Dairy products are a good source of protein and cottage cheese is also low in fat. 100 g provides about 13 g of protein. Add some pumpkin seeds (24 g of protein per 100 g) and blueberries (water, potassium, carbohydrates and vitamins) and you’ll get a perfect snack to get your body back on track. You can use any other seasonal fruit, different seeds or nuts. Be careful with very small seeds, such as chia or sesame: if you do not grind them, they might cause unexpected bowel movements.
Yogurt with oat flakes and seasonal fruit
Even simpler than the previous one. Mix 125 g of skimmed yogurt (5.4 g of protein), with oat flakes (13.5 g of protein) and a piece of any seasonal fruit. Bananas and kiwi will make it sweet and tangy at the same time. Pineapple and a bit of cinnamon will also be delicious.
Apple sandwiches with pistachios and peanut butter
In this snack we are going to use apples as if they were slices of bread. Simply cut your favorite apple into slices, spread one with peanut butter (26 g of protein per 100 g), chop some pistachios (17.6) and put them on top of the peanut butter. Take another apple slice, put it on top and bon appetit!
Popcorn and fat-free chocolate milkshake
Popcorn is a lot healthier than you think. Just choose popcorn kernels instead of ready-made microwaveable popcorn bags. Put 40 g of kernels in a microwave-safe bowl, cover it with a microwave-safe lid and microwave for 5 minutes at 800w. They will start to pop. When the popping slows, they are ready. To complete the snack, add a glass of skimmed milk (250 ml) with a spoonful of pure defatted cocoa (10 g). That will give us a total of 14 g of protein and only 259 calories.
Low fat fresh cheese with orange
100 g of fresh cheese provide 12 g of protein and although the protein content of an orange is very low, the fruit is rich in water, carbohydrates, fiber and vitamins. You simply need to cut the cheese and separate the orange wedges, grab a fork and eat. You can add cinnamon or give it a crunchy touch with some dried fruit.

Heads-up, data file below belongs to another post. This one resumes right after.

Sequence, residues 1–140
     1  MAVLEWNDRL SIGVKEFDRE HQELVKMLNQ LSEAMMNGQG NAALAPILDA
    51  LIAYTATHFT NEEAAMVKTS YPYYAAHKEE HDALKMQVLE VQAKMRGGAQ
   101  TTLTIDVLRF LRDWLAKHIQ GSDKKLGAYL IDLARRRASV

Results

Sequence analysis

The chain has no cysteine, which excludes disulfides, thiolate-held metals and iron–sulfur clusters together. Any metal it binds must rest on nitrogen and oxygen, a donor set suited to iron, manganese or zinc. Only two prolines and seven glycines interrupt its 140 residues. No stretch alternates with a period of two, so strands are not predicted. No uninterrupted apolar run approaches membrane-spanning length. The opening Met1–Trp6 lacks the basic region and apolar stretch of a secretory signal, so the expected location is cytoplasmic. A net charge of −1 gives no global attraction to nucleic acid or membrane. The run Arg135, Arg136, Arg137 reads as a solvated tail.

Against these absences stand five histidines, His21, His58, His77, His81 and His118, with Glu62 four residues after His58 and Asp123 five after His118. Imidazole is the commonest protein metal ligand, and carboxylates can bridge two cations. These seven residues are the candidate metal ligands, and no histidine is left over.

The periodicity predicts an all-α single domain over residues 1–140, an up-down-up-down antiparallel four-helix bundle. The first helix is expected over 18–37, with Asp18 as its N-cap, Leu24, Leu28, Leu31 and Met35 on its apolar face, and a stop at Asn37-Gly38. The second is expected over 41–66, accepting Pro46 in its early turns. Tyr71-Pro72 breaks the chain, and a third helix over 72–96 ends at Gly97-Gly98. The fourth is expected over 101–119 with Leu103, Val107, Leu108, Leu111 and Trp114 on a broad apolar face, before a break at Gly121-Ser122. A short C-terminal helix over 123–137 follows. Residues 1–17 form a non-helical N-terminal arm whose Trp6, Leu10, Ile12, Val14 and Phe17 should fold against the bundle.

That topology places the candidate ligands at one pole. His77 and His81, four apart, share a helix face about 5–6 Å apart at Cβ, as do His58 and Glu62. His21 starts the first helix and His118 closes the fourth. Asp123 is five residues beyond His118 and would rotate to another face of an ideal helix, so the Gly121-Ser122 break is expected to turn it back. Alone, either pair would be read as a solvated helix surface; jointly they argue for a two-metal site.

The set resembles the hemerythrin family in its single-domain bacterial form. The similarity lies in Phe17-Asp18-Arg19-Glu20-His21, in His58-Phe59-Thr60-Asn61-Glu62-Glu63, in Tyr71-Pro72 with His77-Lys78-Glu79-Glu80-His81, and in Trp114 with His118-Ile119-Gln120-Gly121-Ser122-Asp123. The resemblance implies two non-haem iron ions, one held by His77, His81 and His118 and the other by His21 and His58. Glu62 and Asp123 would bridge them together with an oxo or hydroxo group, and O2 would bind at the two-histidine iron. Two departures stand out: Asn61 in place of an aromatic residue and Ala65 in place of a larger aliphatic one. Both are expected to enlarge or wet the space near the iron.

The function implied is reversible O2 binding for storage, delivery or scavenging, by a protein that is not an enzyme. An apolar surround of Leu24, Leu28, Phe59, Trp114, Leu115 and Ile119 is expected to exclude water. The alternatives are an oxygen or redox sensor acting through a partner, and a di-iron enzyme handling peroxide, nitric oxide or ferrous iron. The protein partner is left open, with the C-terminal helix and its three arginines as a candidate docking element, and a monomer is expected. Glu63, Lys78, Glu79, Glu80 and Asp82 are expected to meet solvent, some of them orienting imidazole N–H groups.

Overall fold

Frozen Greek yogurt popsicles with strawberries and walnuts
A perfect snack for those hot days when we get home hungry and craving for something fresh and light. If you don’t have popsicle molds, you can use the ice cube tray from the freezer. Mix 125 g of Greek yogurt with 20 g of walnuts and 50 g of strawberries, all chopped into small pieces. Fill the ice cube tray with the mixture and put it in the freezer. When you get home after a cycling workout, take out the ice cube tray, leave it out of the freezer for a few minutes and take out the frozen snacks with a fork or a spoon. In total 9 g of protein and 308 calories.
Tuna with sliced tomatoes on lettuce leaves
Finally, a classic among the protein sources: tuna (18 gr of protein in 100 gr). In this snack we are using lettuce leaves because they can easily hold the weight of the tomato and the tuna, but you can also use endive, wholemeal bread or both. Mix the tuna with a sliced tomato and put them together on the lettuce leaves.